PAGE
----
The latest issue of the medieval magazine! The Legacy of St. Patrick, Florence – Part II: Visiting the Duomo, How King Arthur became one of the most pervasive legends of all time, A look at Ireland’s mysterious medieval round towers
This essay deals with the tradition of the revelation of Purgatory to St. Patrick on Station Island in Lough Derg, whose popularity is testified not only in literary texts in the various languages of Medieval Europe but also in a unique work of art in the convent of the Sisters of Saint Clair at Todi, Umbria
In honour of the day, it seems fitting to throw out some interesting facts about St. Patrick, Ireland’s patron saint.
St. Patrick was born, not in Ireland, but in Britian around AD 387. Well, actually, he wasn’t called St. Patrick at the time, or even Patrick, but was referred to as Maewyn Succat.
“Yes by Saint Patrick …. Touching this vision here It is an honest ghost, that let me tell you” (Hamlet, Act I, Scene 5)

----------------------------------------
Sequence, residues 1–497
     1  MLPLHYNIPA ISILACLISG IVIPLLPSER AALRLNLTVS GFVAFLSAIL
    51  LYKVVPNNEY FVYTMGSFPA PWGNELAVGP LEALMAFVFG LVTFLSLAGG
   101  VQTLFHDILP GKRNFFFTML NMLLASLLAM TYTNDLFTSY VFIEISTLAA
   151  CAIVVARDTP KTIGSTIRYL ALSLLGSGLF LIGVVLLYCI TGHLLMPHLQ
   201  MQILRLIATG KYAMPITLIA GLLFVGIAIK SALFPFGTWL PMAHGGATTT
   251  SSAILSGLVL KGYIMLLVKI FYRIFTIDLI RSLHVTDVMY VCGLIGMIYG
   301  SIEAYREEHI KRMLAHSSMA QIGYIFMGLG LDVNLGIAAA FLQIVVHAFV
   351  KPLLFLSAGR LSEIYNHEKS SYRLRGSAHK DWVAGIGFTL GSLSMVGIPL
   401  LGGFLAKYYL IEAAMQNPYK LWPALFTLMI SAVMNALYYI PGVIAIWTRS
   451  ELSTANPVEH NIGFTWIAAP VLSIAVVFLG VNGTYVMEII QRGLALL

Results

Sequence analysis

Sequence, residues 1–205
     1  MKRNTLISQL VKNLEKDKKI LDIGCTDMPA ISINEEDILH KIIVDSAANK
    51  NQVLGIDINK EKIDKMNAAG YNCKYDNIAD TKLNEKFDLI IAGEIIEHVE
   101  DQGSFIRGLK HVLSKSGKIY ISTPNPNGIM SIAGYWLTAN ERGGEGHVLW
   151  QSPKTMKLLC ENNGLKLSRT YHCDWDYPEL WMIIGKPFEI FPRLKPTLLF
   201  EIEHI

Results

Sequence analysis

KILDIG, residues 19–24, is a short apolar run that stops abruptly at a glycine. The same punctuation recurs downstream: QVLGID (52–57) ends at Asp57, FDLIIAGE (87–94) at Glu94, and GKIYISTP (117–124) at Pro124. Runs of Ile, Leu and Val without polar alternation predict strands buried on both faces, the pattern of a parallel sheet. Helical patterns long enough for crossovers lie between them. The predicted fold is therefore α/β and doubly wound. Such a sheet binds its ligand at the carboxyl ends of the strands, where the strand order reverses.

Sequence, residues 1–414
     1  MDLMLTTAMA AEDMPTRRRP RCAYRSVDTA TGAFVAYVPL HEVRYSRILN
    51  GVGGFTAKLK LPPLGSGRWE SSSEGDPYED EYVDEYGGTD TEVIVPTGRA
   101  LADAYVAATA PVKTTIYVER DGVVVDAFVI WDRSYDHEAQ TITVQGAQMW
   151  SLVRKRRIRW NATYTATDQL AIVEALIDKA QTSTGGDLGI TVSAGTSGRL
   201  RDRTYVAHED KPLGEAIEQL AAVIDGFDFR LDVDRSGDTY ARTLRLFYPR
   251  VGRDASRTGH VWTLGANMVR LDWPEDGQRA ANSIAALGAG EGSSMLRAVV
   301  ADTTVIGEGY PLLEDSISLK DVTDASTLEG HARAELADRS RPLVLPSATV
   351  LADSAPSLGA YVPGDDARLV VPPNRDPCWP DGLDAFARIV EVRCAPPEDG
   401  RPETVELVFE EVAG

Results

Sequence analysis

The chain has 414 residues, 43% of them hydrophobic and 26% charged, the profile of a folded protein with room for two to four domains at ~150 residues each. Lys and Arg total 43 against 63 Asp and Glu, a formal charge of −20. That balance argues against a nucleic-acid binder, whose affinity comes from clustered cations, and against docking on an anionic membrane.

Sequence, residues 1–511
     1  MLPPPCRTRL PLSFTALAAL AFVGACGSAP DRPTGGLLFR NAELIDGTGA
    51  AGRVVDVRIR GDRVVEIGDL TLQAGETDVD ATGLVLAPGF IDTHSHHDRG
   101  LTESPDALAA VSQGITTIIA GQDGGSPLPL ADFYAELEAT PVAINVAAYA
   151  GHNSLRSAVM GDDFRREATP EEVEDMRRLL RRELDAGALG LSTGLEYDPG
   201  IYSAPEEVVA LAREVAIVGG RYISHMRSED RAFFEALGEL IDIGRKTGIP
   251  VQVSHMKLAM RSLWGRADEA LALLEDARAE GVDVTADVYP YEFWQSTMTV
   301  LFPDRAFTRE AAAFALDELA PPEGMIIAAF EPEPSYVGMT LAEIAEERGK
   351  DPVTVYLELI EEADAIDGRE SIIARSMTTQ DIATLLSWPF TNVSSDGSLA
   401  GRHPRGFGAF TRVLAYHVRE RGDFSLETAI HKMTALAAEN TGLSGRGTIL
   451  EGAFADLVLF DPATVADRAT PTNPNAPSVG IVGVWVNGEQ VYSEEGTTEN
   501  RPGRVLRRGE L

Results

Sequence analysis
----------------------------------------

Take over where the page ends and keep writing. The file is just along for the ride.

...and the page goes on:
Ireland in the 5th century: No restaurants, no take-aways, no street vendors or pre-prepared meals.
Through an analysis of selected portions of Muirchú’s Life of Saint Patrick, this thesis will attempt to search out the hagiographer’s goals in writing as he did under the direction of Aed, Bishop of Sletty, during a critical time of debate in the Irish church. The primary method of accomplishing this will be through consideration of Patrick as a character in the hagiography.
With St Patrick’s Day upon us, a new study asks whether the saint fled his native Britain to escape a career as a Roman tax collector, only to arrive in Ireland and sell slaves.
Both St. Bridget and St. Patrick are patron saints of Ireland, but each had very different methods of converting people to Christianity from paganism during medieval times in Ireland.
This article will shed new light on the Confession of St Patrick by examining it through the prism of the culture shock model.
Celebrate St. Patrick’s Day with these great reads and some green beer!
The image of a bearded man wearing a mitre and carrying a staff or crozier has become almost synonymous with the patron saint of Ireland, in particular when his vestments are green and adorned with shamrocks and a snake slithers around his feet.